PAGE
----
We were talking about this on another site one of the reasons Ford sells so many trucks is the available options and configurations you can order on a truck compared to a car. In 1972 Ford offered 40 different passenger cars, 2-doors, 4-doors, coupes, convertibles, wagons and on and on. What do they offer today in the way of cars?

    • 0 avatar
      JohnTaurus

      Well, what is the market demanding? Because it isn’t cars. The cars they do offer don’t sell well enough to justify themselves, I don’t see how offering more configurations would help. I don’t think a Focus convertible would turn the model’s sales around, nor would a Fusion coupe. We, as enthusiasts, would like to see such, but the market as a whole would just ignore them and continue buying Escapes and Explorers.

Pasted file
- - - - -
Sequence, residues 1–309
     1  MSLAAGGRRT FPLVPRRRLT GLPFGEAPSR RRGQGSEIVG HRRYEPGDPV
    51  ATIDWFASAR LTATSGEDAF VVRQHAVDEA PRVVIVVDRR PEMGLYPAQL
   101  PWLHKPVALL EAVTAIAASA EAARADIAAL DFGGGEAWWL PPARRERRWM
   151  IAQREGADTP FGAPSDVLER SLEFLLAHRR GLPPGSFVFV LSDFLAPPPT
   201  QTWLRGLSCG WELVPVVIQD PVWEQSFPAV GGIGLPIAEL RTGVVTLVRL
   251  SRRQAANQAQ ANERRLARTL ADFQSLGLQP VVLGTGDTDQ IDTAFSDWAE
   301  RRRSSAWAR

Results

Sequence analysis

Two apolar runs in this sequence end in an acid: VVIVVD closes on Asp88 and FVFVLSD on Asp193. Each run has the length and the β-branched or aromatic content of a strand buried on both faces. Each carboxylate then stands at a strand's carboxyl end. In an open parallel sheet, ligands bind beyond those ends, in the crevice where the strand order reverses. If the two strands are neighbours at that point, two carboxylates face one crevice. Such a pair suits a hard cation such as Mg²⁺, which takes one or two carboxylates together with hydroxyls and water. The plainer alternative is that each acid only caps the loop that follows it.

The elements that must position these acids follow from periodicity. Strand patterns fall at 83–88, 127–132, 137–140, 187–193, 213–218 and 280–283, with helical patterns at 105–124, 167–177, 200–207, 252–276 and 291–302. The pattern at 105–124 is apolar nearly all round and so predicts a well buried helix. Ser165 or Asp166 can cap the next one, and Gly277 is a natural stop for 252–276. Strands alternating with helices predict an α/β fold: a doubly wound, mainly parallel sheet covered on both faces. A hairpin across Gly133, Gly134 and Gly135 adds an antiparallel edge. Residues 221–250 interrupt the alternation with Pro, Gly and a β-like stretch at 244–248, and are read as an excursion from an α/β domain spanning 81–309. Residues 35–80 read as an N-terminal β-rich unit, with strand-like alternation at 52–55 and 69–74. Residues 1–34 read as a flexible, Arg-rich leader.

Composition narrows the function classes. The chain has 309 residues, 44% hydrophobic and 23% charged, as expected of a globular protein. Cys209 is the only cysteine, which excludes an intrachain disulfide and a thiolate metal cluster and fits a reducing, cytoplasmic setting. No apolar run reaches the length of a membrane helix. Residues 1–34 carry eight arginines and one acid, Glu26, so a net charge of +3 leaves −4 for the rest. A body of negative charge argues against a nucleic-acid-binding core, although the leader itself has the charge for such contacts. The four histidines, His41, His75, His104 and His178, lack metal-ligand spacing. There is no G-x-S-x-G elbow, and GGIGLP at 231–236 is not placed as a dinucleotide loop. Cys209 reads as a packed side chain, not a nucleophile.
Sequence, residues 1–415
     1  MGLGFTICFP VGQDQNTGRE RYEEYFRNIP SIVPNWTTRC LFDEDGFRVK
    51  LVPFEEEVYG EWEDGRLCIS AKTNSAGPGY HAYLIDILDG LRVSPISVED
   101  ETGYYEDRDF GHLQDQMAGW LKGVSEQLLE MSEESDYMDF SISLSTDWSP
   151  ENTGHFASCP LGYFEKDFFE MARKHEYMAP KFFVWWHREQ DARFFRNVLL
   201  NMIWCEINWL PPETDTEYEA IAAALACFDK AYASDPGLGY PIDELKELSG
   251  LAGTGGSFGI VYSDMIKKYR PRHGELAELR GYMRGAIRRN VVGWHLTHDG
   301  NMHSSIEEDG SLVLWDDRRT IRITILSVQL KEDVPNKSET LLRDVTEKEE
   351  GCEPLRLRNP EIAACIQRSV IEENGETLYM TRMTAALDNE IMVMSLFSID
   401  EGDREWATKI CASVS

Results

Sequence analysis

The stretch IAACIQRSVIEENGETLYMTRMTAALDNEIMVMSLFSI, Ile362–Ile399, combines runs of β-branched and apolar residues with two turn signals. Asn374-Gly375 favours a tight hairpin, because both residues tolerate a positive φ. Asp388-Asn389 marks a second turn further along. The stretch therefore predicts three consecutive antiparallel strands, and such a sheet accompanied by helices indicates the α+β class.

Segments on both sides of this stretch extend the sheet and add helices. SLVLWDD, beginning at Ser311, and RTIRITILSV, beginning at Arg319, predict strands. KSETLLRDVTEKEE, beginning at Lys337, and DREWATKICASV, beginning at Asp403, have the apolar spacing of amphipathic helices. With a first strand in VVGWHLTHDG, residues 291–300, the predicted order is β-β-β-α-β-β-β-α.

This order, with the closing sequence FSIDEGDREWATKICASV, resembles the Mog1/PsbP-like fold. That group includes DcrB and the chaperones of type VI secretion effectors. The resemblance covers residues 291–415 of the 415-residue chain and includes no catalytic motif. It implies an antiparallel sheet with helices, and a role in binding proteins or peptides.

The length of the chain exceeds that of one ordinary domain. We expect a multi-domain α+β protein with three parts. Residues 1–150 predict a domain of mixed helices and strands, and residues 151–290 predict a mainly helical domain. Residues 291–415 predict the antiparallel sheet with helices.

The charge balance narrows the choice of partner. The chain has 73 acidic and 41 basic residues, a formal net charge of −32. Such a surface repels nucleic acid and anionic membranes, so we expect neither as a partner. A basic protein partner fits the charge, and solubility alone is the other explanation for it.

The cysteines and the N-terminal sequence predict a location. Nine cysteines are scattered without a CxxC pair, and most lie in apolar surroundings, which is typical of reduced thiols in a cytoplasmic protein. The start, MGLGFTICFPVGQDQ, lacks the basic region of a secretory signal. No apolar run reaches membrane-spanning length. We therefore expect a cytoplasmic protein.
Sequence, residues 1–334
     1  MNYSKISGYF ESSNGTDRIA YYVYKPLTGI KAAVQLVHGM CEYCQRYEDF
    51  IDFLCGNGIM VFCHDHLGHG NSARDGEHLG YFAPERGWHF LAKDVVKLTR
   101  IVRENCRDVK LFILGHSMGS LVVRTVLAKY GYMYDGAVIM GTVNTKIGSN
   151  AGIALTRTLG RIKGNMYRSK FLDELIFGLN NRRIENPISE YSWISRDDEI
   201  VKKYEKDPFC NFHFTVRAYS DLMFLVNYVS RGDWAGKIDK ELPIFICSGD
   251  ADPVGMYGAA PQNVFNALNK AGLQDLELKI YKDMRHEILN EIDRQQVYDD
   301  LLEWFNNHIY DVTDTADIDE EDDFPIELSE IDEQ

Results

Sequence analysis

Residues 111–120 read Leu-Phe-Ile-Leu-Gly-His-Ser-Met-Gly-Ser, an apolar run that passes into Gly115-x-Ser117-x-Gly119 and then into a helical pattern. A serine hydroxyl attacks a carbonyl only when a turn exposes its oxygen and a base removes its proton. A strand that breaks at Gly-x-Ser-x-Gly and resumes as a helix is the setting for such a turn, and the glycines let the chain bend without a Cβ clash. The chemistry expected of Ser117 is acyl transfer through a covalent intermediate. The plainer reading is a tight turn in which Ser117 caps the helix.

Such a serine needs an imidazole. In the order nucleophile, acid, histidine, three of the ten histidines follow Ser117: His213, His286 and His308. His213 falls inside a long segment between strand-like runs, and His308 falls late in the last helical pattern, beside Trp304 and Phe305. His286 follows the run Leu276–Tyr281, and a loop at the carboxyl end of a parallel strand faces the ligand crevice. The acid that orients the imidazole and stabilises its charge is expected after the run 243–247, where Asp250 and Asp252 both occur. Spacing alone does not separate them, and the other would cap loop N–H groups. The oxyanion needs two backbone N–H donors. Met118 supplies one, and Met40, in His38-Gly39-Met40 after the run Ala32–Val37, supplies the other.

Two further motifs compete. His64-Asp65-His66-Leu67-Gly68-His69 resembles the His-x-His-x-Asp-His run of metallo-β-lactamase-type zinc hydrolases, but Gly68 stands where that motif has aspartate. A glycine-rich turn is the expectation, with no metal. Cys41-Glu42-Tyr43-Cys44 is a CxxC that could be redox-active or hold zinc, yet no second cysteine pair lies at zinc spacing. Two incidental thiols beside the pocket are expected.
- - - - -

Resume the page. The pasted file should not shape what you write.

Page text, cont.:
The market has simply moved beyond the “car” as we have known it. Go to a parking lot at a shopping center, chances are you’ll see more utilities than sedans from most auto brands. The only major market for sedans anymore come from rental companies, and there isn’t much profit in those sales.

      • 0 avatar
        Lie2me

        That was my point Ford has evolved from offering 40 different cars and maybe a dozen trucks in 1972 to the complete reverse in 2018, because that’s what the buying public is demanding, so although we all found it shocking that Ford has decided to drop most (what’s left) of their passenger cars from a historical perspective it seems almost a natural metamorphose

        • 0 avatar
          JohnTaurus